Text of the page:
In eastern Austria both ecological forms of Culex pipiens exist, the mainly ornithophilic form pipiens and the mainly mammalophilic and anthropophilic form molestus. Cx. pipiens form pipiens is predominant in eastern Austria. Areas of co-occurrence are agricultural, peri-urban regions that may serve as areas of hybridization, resulting in bridge vectors between birds and humans. An assessment of occurrence, as well as seasonal and spatial distribution patterns of the Cx. pipiens forms and Cx. torrentium as well as the identification of hybrids was attained for the first time in Austria. These findings will contribute to the understanding of their vector–pathogen dynamics in this country.

Declarations

Acknowledgments

This contribution is dedicated to the memory of Dr. Dieter Armerding (1941–2015).

The authors thank the National Park Donau-Auen GmbH, the WWF Auenreservat Marchegg and Storchenhaus Marchegg as well as the provincial government of Burgenland for their strong support in capturing the mosquitoes, as well as Stefan Weiss and others of the “Austrian League of Nature Conservation – Burgenland” for their help organizing the mosquito sampling in specific areas. We are grateful to all citizen scientists who devotedly supported this project. We are thankful to Josef Harl for primer design (COI). We thank Dina Fonseca for helpful discussion. This research was funded by the ERA-Net BiodivERsA, with the national funders FWF I-1437, ANR-13-EBID-0007-01 and DFG BiodivERsA KL 2087/6-1 as part of the 2012–13 BiodivERsA call for research proposals. SV acknowledges support from the FWF (project number P23687-B17).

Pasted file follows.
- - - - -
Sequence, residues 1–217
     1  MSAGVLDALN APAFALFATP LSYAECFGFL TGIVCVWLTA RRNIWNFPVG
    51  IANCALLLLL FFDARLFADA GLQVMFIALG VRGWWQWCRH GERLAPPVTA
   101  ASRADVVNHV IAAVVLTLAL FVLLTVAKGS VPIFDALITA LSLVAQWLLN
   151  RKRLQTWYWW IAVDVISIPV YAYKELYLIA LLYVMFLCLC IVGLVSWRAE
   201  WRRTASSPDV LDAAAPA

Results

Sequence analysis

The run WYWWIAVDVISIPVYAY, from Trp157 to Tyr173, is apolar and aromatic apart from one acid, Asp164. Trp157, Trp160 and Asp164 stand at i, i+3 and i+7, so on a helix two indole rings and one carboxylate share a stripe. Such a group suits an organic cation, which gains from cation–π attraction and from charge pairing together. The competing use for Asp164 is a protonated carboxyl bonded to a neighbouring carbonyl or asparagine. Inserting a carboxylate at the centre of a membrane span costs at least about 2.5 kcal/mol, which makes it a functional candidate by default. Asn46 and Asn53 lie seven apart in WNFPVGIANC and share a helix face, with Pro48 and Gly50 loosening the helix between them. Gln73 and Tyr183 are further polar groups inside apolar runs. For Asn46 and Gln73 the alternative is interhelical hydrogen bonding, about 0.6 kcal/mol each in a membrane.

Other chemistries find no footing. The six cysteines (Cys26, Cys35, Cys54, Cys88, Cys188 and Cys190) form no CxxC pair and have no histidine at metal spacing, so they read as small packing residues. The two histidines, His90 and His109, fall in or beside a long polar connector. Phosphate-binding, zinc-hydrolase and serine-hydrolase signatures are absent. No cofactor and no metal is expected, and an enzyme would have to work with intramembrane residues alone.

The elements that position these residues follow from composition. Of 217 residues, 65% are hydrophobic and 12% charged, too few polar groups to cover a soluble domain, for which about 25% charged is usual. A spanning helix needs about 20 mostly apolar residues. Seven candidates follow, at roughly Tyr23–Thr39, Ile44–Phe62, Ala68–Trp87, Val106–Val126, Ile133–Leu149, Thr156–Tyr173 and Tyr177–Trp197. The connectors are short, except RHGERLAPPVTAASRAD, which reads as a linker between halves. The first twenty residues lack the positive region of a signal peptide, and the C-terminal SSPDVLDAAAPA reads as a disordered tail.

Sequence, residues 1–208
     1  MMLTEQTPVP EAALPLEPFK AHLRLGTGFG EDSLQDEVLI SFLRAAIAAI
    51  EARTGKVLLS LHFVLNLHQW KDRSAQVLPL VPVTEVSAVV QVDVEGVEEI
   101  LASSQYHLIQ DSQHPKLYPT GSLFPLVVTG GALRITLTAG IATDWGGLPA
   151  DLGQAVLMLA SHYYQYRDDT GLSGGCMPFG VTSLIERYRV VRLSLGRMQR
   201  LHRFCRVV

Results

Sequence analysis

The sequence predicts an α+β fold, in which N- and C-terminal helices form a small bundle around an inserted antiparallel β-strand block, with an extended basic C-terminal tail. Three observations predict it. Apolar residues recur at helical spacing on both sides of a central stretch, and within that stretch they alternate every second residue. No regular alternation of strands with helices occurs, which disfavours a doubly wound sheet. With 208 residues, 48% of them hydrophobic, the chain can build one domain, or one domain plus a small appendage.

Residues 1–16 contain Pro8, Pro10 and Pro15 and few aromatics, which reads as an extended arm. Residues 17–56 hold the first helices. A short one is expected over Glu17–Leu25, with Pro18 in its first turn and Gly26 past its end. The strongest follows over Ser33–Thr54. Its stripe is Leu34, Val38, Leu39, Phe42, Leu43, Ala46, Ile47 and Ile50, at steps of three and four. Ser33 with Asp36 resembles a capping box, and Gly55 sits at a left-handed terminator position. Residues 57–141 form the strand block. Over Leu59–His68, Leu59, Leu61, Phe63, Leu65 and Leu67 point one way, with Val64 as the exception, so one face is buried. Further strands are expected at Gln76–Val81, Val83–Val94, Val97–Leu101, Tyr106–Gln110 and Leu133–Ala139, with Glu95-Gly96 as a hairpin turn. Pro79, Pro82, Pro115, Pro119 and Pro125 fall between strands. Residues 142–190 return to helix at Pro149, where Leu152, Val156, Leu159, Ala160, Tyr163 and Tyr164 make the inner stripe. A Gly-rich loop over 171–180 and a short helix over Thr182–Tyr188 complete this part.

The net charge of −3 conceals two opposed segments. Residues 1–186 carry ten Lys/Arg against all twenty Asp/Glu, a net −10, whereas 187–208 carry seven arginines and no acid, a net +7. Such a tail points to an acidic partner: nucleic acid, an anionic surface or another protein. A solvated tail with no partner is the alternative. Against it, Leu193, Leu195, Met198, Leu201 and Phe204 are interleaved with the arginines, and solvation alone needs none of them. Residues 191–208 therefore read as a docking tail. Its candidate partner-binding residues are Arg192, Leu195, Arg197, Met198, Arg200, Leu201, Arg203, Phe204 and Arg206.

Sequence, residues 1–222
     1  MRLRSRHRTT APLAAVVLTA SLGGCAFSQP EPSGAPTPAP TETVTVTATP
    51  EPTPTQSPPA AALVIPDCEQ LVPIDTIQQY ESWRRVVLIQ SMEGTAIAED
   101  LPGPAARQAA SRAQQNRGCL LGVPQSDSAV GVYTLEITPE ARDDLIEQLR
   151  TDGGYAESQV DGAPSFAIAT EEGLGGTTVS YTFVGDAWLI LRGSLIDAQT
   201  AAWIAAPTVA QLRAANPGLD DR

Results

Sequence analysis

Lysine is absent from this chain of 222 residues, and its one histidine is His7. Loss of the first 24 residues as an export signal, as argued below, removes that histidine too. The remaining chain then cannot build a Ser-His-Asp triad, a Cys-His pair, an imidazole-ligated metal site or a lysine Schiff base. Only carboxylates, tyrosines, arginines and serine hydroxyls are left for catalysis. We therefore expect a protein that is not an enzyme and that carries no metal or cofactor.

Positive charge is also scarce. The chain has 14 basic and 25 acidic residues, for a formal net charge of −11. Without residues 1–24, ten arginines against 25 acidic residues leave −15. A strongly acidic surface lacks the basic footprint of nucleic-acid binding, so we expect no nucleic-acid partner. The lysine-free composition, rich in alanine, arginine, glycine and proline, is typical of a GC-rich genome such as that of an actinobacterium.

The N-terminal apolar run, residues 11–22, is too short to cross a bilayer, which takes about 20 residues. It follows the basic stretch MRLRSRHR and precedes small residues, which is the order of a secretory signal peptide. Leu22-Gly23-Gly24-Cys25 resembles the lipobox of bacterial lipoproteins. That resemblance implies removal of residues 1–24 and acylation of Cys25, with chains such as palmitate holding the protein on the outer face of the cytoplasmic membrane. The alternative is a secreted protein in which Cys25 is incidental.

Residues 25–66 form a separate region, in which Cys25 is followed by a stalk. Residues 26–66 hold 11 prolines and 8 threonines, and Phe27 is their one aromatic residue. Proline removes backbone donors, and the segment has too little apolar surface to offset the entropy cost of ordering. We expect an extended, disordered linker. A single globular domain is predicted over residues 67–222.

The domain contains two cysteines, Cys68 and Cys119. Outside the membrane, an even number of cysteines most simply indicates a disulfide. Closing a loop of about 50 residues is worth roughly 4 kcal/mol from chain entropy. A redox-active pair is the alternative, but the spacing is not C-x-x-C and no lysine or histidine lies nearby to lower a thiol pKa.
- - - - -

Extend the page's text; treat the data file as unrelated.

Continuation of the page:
Open AccessThis article is distributed under the terms of the Creative Commons Attribution 4.0 International License (http://creativecommons.org/licenses/by/4.0/), which permits unrestricted use, distribution, and reproduction in any medium, provided you give appropriate credit to the original author(s) and the source, provide a link to the Creative Commons license, and indicate if changes were made. The Creative Commons Public Domain Dedication waiver (http://creativecommons.org/publicdomain/zero/1.0/) applies to the data made available in this article, unless otherwise stated.

Authors’ Affiliations

(1)
Department of Pathobiology, Institute of Parasitology, University of Veterinary Medicine Vienna
(2)
Department of Limnology and Bio-Oceanography, University of Vienna
(3)
(4)
Biological Station Lake Neusiedl